Art. 23. Obfervations upon the prefent State of our Gold and Silver Coins, 1730. By the late John Conduitt, Efq; Member for Southampton, and Mafter of his Majesty's Mint. From an original Manufcript, formerly in the Poffeflion of the late Dr. Jonathan Swift. 8vo. 1 s. 6 d. Becket. 1774.

The ftate of our gold coin has of late been fo much the object of public attention, that we need not wonder if obfervations, new and old, fhould iffue from the prefs on this occafion. As the orator and politician have their "mollia tempora fandi," it is the province of our friend the book feller likewife to diftinguish times and seasons: and perhaps during the long interval of above 40 years that has elapfed fince thefe Obfervations were written, no period has occurred in which they would have been more pertinent than the prefent. That they are the genuine production of the author to whom they are afcribed, and faithfully tranfmitted to the prefs from his original manufcript, will fufficiently recommend them to all who wish to obtain an extenfiye and accurate information on this fubject. Some of the regulations that are here propofed have now been adopted: Mr. C. fuggefted them as preventives of the evil which they are now appointed to redrefs; and probably the following obfervation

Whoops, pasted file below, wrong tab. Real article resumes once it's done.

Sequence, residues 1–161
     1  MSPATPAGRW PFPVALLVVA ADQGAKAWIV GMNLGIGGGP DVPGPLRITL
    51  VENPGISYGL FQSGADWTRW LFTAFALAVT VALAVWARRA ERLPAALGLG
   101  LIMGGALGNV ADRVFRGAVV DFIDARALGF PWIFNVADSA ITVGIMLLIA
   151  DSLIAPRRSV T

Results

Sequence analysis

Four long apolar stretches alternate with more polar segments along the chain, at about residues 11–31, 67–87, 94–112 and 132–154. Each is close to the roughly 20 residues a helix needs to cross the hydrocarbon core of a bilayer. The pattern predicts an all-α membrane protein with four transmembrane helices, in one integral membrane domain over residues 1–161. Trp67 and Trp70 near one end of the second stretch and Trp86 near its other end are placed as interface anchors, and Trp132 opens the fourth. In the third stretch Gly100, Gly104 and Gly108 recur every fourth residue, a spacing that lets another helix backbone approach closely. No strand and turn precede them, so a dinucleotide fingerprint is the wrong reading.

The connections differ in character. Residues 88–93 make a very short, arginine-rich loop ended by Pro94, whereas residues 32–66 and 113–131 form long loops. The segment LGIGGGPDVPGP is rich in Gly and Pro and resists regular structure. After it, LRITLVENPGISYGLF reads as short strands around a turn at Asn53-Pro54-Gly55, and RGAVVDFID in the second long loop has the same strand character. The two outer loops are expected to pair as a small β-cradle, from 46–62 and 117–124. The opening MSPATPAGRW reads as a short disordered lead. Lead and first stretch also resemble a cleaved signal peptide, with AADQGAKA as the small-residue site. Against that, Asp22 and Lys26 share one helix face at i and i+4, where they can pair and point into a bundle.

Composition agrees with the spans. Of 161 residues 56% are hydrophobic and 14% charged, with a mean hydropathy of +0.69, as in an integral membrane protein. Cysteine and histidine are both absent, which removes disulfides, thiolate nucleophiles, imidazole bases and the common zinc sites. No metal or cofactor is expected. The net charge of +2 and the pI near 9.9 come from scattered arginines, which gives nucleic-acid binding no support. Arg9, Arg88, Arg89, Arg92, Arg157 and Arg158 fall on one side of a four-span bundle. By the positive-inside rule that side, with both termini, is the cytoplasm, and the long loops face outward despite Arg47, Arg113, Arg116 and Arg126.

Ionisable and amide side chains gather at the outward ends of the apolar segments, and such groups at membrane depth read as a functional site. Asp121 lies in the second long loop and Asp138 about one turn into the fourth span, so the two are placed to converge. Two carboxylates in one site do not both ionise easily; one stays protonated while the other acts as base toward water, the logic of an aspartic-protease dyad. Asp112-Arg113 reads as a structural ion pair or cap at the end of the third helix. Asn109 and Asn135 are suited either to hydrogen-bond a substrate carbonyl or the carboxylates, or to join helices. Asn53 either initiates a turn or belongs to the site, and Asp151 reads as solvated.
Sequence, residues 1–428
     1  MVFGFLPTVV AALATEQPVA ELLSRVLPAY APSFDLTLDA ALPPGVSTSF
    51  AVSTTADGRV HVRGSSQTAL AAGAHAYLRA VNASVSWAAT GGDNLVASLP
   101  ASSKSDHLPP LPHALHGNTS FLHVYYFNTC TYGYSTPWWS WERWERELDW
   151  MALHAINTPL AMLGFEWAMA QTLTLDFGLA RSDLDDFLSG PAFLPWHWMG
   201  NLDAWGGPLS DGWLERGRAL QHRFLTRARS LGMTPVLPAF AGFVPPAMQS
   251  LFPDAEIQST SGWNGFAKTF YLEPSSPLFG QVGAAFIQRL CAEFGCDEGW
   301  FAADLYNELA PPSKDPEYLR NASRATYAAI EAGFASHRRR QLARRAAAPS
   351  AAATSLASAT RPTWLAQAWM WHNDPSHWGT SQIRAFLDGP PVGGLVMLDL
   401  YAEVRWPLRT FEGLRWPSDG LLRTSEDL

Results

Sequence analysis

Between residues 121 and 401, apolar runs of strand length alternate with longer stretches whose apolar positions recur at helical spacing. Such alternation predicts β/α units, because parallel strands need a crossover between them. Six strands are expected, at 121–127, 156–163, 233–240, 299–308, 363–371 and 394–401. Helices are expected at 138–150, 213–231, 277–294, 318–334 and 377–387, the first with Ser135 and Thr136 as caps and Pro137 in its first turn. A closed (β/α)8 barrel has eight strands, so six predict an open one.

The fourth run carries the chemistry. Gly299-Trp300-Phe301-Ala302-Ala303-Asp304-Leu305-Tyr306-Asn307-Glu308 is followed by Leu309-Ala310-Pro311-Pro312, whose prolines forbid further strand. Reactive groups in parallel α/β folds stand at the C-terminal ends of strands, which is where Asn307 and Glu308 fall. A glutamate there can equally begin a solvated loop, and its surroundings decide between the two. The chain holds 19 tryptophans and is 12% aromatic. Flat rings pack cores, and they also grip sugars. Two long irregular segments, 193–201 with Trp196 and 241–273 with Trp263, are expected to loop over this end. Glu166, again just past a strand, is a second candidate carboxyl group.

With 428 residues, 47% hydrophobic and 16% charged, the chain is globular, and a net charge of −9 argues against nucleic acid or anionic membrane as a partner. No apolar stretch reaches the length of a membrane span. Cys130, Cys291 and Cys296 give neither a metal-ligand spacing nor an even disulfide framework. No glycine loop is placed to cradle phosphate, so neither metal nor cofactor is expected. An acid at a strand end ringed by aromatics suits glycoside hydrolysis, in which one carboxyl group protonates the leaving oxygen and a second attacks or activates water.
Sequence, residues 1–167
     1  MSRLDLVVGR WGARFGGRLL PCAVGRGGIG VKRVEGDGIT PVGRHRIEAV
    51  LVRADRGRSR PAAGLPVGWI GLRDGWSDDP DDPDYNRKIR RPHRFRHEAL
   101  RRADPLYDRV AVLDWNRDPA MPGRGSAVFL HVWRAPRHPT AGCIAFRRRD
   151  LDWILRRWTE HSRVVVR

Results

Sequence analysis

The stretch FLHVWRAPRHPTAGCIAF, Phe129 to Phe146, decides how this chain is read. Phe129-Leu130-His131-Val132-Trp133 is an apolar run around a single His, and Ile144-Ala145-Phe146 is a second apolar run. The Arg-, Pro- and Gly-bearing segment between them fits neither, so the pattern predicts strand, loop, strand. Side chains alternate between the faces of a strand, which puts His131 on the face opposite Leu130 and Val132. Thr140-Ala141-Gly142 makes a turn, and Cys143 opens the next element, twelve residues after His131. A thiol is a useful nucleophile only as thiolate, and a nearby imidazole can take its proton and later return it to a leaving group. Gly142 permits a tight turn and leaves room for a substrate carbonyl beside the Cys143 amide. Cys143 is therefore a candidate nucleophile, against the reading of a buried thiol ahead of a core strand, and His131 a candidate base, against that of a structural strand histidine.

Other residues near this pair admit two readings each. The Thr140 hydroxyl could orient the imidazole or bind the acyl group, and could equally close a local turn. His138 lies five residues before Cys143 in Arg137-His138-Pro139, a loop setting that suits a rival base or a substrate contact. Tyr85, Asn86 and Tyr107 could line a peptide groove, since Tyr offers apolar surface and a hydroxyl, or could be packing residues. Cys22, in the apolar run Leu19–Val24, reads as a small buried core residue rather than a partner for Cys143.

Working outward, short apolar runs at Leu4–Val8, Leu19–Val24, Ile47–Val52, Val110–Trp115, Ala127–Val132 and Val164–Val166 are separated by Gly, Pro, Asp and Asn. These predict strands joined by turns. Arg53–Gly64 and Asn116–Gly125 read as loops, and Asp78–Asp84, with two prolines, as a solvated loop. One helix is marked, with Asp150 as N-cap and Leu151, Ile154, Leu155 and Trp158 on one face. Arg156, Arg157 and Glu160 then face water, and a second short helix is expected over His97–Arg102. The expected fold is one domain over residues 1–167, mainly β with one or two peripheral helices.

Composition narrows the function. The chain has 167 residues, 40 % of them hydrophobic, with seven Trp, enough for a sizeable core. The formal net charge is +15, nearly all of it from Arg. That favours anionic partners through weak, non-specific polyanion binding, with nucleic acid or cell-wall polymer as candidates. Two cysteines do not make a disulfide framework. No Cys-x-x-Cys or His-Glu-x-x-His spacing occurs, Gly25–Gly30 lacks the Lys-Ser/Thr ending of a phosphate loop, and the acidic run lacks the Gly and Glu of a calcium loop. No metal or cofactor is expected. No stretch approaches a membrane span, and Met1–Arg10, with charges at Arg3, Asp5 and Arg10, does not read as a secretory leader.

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may not be altogether unworthy the notice of those whom it more immediately concerns. The wear upon the gold and filver monies would be much greater, but for the general ufe of bank bills; and as it is a dead lofs to the nation, and a very confiderable one, it might not be improper to oblige the officers of the revenue, and the bank, and all bankers, to cover the counters where they tell their money, with cloth or leather; for the telling money on wood, especially with a mixture of fand, very much increases the wear.' Art. 24. The Life of the late Earl of Chesterfield: or, the Man of the World. Including his Lordship's principal Speeches in Parliament; his most admired Effays in the Paper called the World; his Poems ; &c. &c. 12mo. 2 Vols. 6s. Bew. 1774. Lord C.'s fpeeches and letters, a large bundle; tied together with little threads of narrative, the whole of which would fcarce make a three penny pamphlet.

Art. 25. Mufical Travels through England. By Joel Collier, Organist. 8vo. I 1 s. Kearly. 1774